James: If you have a fixed term, you have to get to the end of that term. So, if you’re six months through a 12 month term, that rolls into a month to month because that is typically how long term tenancies are supposed to be. I don’t know the scenarios where you’re allowed to do a straight fixed term but I know that say furnish shorter term rentals you’re allowed, you’re allowed to. But in a long term, unfurnished rental if you have if, you’re six months into a 12 month term, that tenant can be in for the full term. If you really want to sell that might be a reason to do that mutual agreement and tenancy and sweeten that pot and agree to end that tenancy. 

If they don’t pay their rent, if they’re repeatedly paying rent late or broken a term of the tenancy or didn’t give the security deposit in time, you can give one month notice to get out. And if it’s  unpaid rent, unpaid utilities -10 days notice to get out. And if they pay that unpaid rent within five days – that notice is gone. 

Denny: Yeah. 

James: So and then manufactured homes need 12 months. Reno-evictions you need permission. That gives you the kind of rundown of, of how to evict.

And then keep in mind if you are buying a rented property and that contract to purchase and sale it’s a, it’s important to outlay the security deposit, the pet damage deposit, any deposits that are in place for that tenancy, they should get transferred to the new buyer because that new buyer is going to be the landlord assuming the tenancy agreement.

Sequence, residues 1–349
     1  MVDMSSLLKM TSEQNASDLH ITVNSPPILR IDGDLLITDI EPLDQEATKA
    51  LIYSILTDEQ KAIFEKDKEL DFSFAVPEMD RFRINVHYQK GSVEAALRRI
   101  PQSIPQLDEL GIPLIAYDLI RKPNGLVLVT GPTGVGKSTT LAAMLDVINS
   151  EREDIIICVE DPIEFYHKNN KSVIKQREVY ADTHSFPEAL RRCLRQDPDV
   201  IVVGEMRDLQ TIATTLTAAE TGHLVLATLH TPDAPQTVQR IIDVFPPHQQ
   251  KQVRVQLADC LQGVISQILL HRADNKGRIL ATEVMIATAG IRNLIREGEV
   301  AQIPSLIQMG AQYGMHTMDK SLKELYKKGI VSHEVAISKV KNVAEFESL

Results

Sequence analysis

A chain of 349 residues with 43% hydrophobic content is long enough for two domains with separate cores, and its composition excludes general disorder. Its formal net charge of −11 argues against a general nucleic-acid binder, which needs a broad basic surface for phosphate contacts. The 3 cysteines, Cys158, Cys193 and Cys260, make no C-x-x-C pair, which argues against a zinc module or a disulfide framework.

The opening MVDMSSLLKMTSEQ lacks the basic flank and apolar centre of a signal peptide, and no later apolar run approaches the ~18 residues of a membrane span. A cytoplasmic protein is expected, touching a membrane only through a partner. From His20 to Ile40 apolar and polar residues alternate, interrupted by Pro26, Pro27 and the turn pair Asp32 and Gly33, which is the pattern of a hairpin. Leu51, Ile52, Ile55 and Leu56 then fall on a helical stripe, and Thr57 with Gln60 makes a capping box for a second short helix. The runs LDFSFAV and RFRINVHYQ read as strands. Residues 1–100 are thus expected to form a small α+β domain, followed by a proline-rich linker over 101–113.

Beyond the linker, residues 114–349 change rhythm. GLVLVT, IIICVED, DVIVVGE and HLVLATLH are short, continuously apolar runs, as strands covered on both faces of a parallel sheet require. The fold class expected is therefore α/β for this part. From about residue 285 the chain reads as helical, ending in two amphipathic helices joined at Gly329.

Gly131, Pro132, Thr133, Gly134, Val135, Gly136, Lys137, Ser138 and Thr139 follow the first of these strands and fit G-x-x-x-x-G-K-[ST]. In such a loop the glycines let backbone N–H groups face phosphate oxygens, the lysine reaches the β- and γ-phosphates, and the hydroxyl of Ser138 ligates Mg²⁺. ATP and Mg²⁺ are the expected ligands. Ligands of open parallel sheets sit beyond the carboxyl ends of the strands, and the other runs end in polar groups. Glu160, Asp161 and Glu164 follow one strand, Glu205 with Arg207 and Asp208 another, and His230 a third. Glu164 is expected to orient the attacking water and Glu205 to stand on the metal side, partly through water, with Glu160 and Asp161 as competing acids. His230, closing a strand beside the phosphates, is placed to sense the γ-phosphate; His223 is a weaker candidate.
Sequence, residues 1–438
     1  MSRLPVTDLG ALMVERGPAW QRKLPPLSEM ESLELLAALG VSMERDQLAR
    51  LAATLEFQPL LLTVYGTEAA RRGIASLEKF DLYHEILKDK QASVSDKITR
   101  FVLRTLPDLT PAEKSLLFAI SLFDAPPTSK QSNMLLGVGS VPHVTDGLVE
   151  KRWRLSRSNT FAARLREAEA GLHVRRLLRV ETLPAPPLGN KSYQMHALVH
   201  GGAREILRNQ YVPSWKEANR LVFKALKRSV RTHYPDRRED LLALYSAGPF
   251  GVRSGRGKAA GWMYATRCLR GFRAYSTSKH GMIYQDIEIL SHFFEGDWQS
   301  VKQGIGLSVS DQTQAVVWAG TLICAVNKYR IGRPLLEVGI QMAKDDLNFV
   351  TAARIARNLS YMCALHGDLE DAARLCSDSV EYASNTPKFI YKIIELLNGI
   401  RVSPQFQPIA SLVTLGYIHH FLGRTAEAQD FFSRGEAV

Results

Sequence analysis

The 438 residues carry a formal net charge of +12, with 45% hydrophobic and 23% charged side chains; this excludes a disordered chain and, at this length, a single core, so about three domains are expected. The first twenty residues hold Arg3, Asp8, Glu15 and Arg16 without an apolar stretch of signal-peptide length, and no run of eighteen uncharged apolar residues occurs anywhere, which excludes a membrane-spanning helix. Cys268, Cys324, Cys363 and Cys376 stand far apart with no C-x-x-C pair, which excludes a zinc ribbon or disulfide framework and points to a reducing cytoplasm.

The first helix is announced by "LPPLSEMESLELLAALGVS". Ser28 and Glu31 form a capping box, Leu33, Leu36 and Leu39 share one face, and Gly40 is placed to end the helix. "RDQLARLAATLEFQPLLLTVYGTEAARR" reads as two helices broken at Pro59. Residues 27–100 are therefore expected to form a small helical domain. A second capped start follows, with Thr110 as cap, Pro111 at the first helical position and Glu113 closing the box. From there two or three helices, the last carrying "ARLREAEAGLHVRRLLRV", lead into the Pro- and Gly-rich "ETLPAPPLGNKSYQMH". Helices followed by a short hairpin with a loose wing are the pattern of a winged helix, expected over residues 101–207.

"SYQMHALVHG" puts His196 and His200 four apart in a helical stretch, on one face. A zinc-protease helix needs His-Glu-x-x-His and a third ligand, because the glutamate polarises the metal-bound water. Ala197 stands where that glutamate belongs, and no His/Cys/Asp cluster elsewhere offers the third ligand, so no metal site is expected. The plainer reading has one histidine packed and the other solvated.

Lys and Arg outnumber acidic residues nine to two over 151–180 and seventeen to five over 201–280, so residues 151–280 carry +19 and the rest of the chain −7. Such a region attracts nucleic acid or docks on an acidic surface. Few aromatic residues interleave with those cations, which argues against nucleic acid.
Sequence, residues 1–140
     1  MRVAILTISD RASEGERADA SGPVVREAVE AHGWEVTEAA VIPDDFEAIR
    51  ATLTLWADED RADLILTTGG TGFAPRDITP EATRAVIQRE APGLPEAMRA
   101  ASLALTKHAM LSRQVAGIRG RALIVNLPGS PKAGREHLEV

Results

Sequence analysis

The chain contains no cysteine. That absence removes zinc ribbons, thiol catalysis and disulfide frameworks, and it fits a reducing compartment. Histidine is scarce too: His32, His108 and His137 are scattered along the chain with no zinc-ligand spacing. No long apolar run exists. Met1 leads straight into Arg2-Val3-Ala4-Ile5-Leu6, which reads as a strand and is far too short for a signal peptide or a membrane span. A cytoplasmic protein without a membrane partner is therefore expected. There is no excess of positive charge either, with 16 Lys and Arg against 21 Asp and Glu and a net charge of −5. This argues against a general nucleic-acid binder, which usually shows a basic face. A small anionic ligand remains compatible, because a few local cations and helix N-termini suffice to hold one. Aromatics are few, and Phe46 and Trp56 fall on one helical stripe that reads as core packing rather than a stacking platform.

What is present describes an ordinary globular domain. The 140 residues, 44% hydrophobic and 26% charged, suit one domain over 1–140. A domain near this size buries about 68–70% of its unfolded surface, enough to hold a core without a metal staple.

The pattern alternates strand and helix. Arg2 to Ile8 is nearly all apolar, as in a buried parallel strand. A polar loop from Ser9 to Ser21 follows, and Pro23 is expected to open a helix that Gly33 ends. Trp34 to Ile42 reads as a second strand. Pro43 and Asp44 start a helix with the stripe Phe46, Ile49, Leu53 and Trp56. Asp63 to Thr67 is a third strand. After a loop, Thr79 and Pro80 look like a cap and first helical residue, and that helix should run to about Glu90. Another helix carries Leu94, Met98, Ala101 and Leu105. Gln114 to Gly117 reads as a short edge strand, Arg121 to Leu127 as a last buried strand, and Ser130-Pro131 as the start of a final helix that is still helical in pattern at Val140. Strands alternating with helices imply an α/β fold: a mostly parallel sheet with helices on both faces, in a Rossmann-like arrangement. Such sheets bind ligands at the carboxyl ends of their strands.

Denny, anything to add to this list of wonderful world of being a landlord?

Denny: We’ve given a lot of very exciting information in this podcast Jamie.

James: I think, you know I think we’ll wrap it up at that. Let’s just take a moment to share with our audience that made it this far. Thank you for listening by the way.

Denny: Do we work with investors Jamie?

James: We do, we do Denny. Are we landlords? Both of us?

Denny: We are!

James: We are! We have experience buying and selling investment properties.

Denny: Quite a bit!

James: Does our team?

Denny: A lot! 

James: And a lot of investment properties would be that say, entry level one bedroom condo you know. Whether it’s Vancouver, Burnaby, Tri Cities or Langley – do we have team members in all those markets?

Denny: We absolutely do.

James: What we’re getting at is we would love to work for you. So reach out! If you’re looking just for any sort of direction, any help, any, loose commitment, just a conversation about becoming a landlord or potentially looking for an investment property.

Denny: We have good and bad stories to share.

James: We may sell you out of it, we may sell you into it but we’ll be honest with you. Denny: Beautiful. If you’re getting value from this podcast we would love to hear from you, write us a five star review. Thanks for listening guys.